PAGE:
Flop referee: As mentioned above, the half time whistle went at the same moment Carlton Cole scored for West Ham - how cruel can you be?! Especially when you regard how much the game needed a goal to brighten things up...
176 for 5 after 40 overs: Australia - Quality shots had become a rarity, England had nothing to get excited about but two beauty wickets: Prior was bowled by a perfect swinging yorker first ball back for Brett Lee and Eoin Morgan was stumped, a breathtaking move by wicketkeeper Tim Paine.
220 all out after 46.3 overs: Australia - Lee blew away the middle order after some promising whacks, pounces and shots of Shah and Luke Wright. Wright and Stuart Broad fell victim to Lee's missile-yorkers, Shah was caught mid-wicket off a Watson full toss. Adil Rashid was Lee's fifth and final victim and Mitchell Johnson finished the home side off bowling Ryan Sidebottom. To quote and agree with Pranav Soneji: England were "folded like an amateur poker player".
51 for 1 after 10 overs: Australia - It all looked too easy for the Aussies openers, hitting, smashing, wallopping and bashing one boundary after another. Watson eventually got trapped in front lbw by Tim Bresnan, but the threat did not last long.
110 for 2 after 20 overs: Australia - Paine and Ricky Ponting continued the knock-about, England unable to capitalise off the first wicket. Paine eventually fell, a needless sweep caught behind after his least convincing shot brought up his half century three balls earlier.
159 for 2 after 30 overs: Australia - More comfortable runs, no threat whatsoever for Australia.
198 for 3 after 40 overs: Australia - Out of nowhere, Ponting went for a big shot but drilled the drive straight to Bopara at short cover, causing great cheers around the ground. At least some joy for the crowd.
221 for 3 after 43.4 overs: Australia - The cheers did not last long for the English crowd, the Aussies winning with comfortable and solid runs. Michael Clarke's nice fluent innings was rewarded, an intelligent half century of him and obvious win for Australia, worries for England.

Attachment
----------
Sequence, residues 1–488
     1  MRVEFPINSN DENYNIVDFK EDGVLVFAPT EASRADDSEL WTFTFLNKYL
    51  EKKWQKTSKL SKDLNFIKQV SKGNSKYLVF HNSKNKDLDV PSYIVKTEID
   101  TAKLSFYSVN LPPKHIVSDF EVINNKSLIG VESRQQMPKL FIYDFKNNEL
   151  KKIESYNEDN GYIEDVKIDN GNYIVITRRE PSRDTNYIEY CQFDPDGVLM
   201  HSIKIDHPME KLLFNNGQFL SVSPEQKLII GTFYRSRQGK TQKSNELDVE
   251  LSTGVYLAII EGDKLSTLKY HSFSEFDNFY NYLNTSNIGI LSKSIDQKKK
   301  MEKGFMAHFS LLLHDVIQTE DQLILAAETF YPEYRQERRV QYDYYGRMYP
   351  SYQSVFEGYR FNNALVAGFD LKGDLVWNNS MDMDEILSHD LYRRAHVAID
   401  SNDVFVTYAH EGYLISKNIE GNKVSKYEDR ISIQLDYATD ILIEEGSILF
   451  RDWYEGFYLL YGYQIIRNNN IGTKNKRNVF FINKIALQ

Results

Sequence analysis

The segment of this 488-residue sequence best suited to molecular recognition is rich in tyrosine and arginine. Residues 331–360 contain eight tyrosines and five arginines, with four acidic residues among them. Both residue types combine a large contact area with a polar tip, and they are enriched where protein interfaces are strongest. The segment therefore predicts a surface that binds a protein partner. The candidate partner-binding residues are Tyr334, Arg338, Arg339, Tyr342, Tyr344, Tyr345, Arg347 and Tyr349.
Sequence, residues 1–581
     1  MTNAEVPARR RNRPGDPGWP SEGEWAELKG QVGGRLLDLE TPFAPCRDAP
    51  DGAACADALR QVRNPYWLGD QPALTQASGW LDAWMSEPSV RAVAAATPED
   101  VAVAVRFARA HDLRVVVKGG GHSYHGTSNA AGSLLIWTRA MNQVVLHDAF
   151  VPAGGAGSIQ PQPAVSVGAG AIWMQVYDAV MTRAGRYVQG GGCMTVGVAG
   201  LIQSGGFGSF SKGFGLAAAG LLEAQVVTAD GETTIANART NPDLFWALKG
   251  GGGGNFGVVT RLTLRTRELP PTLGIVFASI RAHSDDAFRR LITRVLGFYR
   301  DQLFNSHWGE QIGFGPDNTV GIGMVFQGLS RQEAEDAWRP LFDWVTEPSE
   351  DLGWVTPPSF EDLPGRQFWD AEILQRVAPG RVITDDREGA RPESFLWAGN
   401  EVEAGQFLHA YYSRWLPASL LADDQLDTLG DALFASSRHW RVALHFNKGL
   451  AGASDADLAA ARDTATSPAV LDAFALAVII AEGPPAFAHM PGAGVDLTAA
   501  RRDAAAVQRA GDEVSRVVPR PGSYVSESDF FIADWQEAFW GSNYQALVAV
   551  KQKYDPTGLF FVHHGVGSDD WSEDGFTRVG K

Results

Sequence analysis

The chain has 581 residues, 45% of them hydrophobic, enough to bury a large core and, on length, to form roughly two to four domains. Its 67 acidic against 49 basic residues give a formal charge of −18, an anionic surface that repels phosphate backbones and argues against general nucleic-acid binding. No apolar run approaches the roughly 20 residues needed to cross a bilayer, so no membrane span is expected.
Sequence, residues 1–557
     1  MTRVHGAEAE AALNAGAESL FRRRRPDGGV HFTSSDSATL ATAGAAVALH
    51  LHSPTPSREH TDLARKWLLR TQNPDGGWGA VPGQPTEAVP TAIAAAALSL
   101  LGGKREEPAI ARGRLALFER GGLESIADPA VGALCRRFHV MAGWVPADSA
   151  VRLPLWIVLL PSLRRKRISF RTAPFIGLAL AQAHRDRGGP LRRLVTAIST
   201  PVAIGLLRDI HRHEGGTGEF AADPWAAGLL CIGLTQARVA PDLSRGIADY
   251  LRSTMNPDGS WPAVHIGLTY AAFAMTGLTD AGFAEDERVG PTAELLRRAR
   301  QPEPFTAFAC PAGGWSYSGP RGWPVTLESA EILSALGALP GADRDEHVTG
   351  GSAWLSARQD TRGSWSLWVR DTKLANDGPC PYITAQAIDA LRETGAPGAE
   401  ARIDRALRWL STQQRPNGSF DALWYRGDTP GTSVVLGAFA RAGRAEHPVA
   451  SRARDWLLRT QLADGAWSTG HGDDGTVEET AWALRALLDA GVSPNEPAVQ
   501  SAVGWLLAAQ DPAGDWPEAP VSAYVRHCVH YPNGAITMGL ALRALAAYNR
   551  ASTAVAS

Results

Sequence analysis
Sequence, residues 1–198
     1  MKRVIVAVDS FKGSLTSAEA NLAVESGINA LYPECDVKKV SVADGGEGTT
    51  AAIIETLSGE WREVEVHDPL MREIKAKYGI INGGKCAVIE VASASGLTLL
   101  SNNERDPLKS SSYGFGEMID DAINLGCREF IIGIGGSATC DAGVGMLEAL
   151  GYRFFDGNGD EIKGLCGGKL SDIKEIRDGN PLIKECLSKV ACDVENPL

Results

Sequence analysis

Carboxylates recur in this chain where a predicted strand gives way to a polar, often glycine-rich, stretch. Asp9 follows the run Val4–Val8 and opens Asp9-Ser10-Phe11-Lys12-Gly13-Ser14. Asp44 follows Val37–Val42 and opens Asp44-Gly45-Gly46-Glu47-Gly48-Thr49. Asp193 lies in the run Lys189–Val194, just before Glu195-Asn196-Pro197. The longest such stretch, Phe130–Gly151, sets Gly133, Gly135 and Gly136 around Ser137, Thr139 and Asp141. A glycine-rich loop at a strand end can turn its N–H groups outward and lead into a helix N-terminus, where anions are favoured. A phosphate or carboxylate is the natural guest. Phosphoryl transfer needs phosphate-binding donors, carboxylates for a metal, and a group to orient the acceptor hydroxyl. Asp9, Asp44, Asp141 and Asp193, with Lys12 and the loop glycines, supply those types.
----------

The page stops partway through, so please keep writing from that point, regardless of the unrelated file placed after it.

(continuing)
Thursday, 10 September 2009
England 5-1 Croatia
England erased bitter Euro 2008 memories by outclassing a poor Croatian side, beating them comprehensively 5-1 at Wembley to qualify for the 2010 World Cup in South Africa, for the first time ever with two games to spare.
The second half did not see much change. Lampard and Gerrard both netted within the first 20 minutes: The prior converted a Glen Johnson headed cross from the right outiside the box into the centre of the goal, the latter heading in a rumbled Rooney cross cleverly over the goalkeeper.
Man of the match: Aaron Lennon
England Green; Johnson, Upson, Terry, Cole; Lennon (80 Beckham), Barry, Lampard, Gerrard (81 Milner); Rooney, Heskey (60 Defoe). Subs not used Foster, Brown, Bridge, Crouch. Bookings 85 Terry.
Croatia Runje; Srna, Krizanac, Simunic, Pranjic; Mandzukic, Vukojevic, Pokrivac (HT Rakitic), Kranjcar, Eduardo (73 Klasnic); Olic (HT Petric). Subs not used Subasic, Drpic, Calo, Leka. Bookings 44 Simunic.
Sky Sports Stats:
England - Croatia
On target: 9-5
Blocked shots: 0-2
Free kicks: 9-16
Wednesday, 9 September 2009
Australia beat England comfortably by six wickets at the Rose Bowl to go 3-0 up in the series. Cameron White starred with his first one-day-international century and Michael Clarke (53) joined in to build an exemplary partnership of 143 runs. It was a crucial but simple factor England could not muster: A standing partnership with strength and stamina to hold the team.